Instructional Design: A Rewarding Career for PhDs

Instructional Design: A Rewarding Career for PhDs

Combine your passion for teaching , learning, and tech, for a career in Instructional Design.

Ashley Acosta-Cox Headshot

Ashley Acosta-Fox, MA

Acosta-Fox left her PhD program in Philosophy to pursue a career she loves in Instructional Design. She currently works as an Instructional Designer at Johns Hopkins University. 

Ashley Acosta-Cox Headshot

Ashley Acosta-Fox, MA

Acosta-Fox left her PhD program in Philosophy to pursue a career she loves in Instructional Design. She currently works as an Instructional Designer at Johns Hopkins University. 

When I entered a PhD program in Philosophy in the fall of 2007, I had a vague idea of what life would look like post-PhD. Today, I’m working in a field that my 2007 self didn’t even realize existed, so it’s been a wild (but fun) ride.

I knew pretty early on that I wasn’t going to pursue a faculty career, for a few reasons. First, I was in an unranked program with a spotty placement record. Second, humanities departments are in a tenuous spot these days, so it seemed like pursuing a faculty career posed a pretty big risk that I wasn’t willing to take. Third, I knew that I wanted to move back to the east coast, and I knew that folks pursuing faculty careers couldn’t afford to limit themselves geographically.

About midway through my PhD program, I started taking stock of my skills in an attempt to figure out what kind of careers I might be interested in and qualified for. I got a lot of classroom teaching experience as part of my graduate funding package, and I cultivated an interest in pedagogy as I explored ways to make my courses in Humanities & Western Civilization innovative and exciting. 

I’ve also always been tech-savvy – I hand-coded my first website when I was thirteen – and I started teaching fully-online undergraduate courses in 2012. My department approached me with an offer to design online master-course versions of our two flagship courses, Western Civilization I and II. I was paired with an Instructional Designer to develop these courses, and I learned so much from her. This sparked my interest in Instructional Design as a discipline, since it combined my interest in pedagogy with my technical skills. I began to build my resume, designing and developing online courses whenever I could. I was hired as an Instructional Designer at Johns Hopkins University in 2015, and it’s basically my dream job. I actually withdrew from my PhD program, since I knew I had found my niche.

The work I do is both creative and process-oriented, so I do a lot of creative work in my day-to-day as I design courses and work one-on-one with faculty to figure out how to translate their successes in on-ground environments into the online space. I also still adjunct, but only for fun now, which takes the pressure off and lets me be creative in experimenting with my teaching. Just this fall, I became part-time faculty in my division at Johns Hopkins as well, so I’ve had some space to design and teach online graduate courses. I make zines in my spare time to keep the creative juices flowing – and I’m currently designing and developing a course on zines that will be delivered next summer!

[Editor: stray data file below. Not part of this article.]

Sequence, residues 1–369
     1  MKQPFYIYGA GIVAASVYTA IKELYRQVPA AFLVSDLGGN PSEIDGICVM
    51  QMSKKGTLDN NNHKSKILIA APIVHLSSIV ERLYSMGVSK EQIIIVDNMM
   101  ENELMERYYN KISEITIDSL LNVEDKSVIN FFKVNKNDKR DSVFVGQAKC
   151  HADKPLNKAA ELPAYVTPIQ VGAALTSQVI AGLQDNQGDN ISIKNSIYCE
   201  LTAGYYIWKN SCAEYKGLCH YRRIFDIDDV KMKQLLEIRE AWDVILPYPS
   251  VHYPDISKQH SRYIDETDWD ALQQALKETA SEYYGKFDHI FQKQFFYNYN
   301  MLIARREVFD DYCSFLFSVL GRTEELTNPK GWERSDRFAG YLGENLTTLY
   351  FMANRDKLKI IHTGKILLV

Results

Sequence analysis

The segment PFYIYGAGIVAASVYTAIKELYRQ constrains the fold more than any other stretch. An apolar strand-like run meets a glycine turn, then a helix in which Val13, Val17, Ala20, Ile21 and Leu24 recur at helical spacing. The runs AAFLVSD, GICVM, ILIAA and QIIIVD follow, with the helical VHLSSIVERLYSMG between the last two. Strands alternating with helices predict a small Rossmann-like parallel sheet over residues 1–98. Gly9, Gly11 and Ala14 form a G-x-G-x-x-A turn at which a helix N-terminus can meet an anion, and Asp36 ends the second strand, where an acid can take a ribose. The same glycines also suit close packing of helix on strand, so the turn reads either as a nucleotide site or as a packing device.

I’ve learned that while I may have decided to pursue an alt-ac career, I’ve carved out a space for myself where I still get to do some of the things I found fun about graduate school – which was mainly teaching. I also love working in higher education on the faculty support side. I partner with faculty from all disciplines, which is great for my lifetime learner-ism. I’m a true believer in the power of online learning to democratize higher education, so the fact that I can do mission-driven work on a daily basis is super energizing to me. Eleven years after I started my PhD program, I’m happy with where I ended up, even if it wasn’t where I thought it would be.

Instructional design is an exciting place to be right now. As colleges, universities, and even secondary schools continue moving toward offering more flexible options for students, online learning will continue to grow as a field. My department has added a new Instructional Designer to our staff every year since I started. There are opportunities in the corporate world, too! 

If you find yourself interested in a career in Instructional Design, try incorporating online elements into your face-to-face classes if you’re currently teaching. Offer to teach an online section and dive in – the internet is full of information to get you started. Take an online MOOC for free to try out online learning. If you’re reflective about your teaching, you’ll see that you’re already doing instructional design on some level. Network with designers inside and outside of higher education, fiddle around with technology and web tools for teaching. The pedagogical work you’ve done in graduate school is a natural starting place for this type of work!

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